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    2. Oh Karen, that's unfortunate. What happens at my school, is that they can pass basically anything in until the last day. We fill in the marks that we have. We can put zeros in for the other marks and if they don't meet the promotion policy they get "placed" in to the next grade, rather than promoted. They are "flagged" so to speak to the next year's teacher as someone who has not met the expectations and are given/continued to be given adaptations to their program. You can't "fail" a grade here, until grade 10, where we have a "credit system" and if you don't pass the class, you don't move on to the next one until you do pass. I think we're doing a dis-service - especially to our Gr 7,8,9 kids because they keep moving on, even when they haven't learned the material and met the expectations. Then BOOM. Grade 10 - if you don't do what you need to do - too bad. You can fail...just like real life.

      Krystal

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    3. That is definitely a disservice to the kids. I'm not sure why we think that children are suddenly going to be able to understand what is expected of them one day. This is something I think about with children turning 18 and becoming adults, too. We don't teach them what they need to know, then we expect them to understand how to behave as young adults.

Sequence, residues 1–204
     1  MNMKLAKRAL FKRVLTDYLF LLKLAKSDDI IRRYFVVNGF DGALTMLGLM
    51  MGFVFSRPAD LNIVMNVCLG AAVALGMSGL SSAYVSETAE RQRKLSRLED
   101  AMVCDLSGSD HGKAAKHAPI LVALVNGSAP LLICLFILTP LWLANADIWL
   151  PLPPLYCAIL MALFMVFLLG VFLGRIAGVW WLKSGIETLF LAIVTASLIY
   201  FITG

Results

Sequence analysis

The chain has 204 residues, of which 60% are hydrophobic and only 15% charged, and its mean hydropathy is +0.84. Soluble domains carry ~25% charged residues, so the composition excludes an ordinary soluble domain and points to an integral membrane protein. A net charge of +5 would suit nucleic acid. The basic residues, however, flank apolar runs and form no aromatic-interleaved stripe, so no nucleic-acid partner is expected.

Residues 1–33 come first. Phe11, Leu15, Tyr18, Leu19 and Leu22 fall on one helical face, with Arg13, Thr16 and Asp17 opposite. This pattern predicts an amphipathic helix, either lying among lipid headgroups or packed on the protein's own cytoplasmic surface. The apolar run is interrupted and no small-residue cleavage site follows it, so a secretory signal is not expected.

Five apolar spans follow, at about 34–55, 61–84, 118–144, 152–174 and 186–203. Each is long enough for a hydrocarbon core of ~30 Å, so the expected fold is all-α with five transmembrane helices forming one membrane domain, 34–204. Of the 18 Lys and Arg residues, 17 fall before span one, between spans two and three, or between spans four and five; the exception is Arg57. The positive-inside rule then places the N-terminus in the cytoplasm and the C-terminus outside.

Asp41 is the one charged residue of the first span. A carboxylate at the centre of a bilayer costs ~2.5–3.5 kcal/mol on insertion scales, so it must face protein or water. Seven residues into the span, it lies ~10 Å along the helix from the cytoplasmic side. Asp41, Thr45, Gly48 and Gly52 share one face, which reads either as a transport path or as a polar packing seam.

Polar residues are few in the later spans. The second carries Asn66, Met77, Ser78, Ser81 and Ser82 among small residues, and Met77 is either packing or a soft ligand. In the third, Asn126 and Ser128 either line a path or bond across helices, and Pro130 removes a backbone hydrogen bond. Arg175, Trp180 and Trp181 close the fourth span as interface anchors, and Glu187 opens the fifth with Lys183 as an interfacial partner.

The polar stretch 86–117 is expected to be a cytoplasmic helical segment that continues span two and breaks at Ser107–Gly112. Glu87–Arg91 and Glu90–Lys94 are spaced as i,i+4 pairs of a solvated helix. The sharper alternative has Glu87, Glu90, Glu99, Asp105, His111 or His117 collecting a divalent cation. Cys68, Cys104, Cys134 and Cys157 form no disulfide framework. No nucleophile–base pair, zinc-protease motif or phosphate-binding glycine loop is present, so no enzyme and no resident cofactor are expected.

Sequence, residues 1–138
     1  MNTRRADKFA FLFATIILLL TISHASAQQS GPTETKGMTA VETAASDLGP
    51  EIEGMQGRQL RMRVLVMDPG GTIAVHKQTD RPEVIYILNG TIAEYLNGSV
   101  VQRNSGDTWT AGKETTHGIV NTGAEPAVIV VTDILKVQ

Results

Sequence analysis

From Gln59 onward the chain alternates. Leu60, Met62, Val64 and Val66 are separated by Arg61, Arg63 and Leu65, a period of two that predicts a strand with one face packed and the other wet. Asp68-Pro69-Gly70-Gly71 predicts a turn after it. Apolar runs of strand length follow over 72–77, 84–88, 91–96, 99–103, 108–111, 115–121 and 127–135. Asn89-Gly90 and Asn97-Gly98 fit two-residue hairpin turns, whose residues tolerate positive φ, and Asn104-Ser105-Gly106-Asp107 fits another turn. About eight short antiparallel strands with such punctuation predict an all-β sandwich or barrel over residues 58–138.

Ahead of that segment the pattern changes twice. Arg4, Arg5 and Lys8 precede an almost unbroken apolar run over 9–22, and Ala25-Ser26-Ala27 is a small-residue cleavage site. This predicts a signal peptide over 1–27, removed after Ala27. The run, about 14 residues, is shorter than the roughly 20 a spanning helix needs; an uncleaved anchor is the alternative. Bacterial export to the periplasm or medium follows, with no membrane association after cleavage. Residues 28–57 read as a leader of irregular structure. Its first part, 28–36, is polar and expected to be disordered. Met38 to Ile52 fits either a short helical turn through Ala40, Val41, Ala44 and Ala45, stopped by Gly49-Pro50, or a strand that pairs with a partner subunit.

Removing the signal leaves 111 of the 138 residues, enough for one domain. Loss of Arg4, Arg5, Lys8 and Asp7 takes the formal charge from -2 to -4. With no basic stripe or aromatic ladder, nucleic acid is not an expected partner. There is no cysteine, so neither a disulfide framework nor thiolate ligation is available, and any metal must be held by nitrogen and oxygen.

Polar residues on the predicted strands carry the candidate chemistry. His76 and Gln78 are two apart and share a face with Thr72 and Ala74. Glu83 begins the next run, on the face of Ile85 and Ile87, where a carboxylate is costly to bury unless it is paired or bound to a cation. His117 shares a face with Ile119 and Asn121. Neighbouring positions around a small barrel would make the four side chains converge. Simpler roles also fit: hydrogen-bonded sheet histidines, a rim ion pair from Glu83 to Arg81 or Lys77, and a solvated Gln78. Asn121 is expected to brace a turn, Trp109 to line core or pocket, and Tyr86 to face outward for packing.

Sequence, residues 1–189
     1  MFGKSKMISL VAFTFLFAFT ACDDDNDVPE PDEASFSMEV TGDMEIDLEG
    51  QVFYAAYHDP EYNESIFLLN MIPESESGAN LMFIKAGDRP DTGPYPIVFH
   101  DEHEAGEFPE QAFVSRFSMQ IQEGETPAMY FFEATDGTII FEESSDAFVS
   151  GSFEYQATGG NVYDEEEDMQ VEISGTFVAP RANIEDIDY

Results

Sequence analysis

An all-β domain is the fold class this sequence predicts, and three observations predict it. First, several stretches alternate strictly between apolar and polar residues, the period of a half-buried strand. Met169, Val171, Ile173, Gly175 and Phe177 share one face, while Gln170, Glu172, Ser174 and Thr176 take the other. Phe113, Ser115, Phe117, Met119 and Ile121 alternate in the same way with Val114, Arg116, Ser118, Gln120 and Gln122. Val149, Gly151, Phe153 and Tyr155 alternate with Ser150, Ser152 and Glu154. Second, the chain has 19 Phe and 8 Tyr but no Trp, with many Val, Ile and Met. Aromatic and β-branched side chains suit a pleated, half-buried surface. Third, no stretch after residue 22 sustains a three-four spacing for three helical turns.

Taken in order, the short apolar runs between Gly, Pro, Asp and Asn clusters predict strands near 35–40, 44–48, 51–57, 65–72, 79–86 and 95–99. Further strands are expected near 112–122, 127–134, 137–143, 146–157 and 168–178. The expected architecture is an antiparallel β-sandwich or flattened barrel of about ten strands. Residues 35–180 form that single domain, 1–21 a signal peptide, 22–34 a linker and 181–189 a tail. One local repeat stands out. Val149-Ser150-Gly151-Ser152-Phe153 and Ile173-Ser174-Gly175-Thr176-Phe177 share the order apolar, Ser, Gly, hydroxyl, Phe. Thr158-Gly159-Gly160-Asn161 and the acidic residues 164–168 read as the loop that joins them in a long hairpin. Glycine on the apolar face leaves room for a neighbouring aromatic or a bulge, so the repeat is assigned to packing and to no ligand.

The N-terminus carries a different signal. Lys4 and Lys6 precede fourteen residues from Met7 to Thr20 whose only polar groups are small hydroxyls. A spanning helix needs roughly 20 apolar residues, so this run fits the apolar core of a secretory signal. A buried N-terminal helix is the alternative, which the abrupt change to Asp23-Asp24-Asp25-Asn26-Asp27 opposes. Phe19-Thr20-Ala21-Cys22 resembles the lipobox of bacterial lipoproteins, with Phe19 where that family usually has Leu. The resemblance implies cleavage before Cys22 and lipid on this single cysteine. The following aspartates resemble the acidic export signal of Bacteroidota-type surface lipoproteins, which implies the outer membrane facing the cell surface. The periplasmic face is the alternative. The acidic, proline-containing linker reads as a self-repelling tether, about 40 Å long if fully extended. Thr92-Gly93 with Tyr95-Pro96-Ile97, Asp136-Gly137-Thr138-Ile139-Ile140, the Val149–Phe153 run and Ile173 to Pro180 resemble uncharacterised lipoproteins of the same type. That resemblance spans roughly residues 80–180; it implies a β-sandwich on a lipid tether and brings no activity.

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  4. This issue has been a struggle at my school. We follow the Professional Learning Community in our schools, which highly believes in the no zero policy. Our school has done a lot to help students make up their assignments, such as creating a system that we put all missing assignments on and it emails the parents, specific study halls targeted to help students missing excessive amount of students. But here is my question, are we teaching our students responsibility? I am all for giving them chances to show mastery of a concept, but when I have to chase them down to complete their assignments or call parents numerous times are we putting all the responsibility on ourselves?

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    1. I definitely don't think that is teaching responsibility. I also found that students with excessive missing assignments don't really care and usually don't show up for the extra sessions to work on the projects. In my experience, that was the case, anyway. No matter how many times I called home I would be assured the work would be done, and it would not be followed up on. I offered after school tutoring twice a week, and it was supposed to be mandatory to attend if students had missing work. Administration never supported this, and the parents made one excuse after another. Eventually students have to learn to care on their own. An employer isn't going to chase a report for too long before giving up and moving on to someone who will do the work as expected.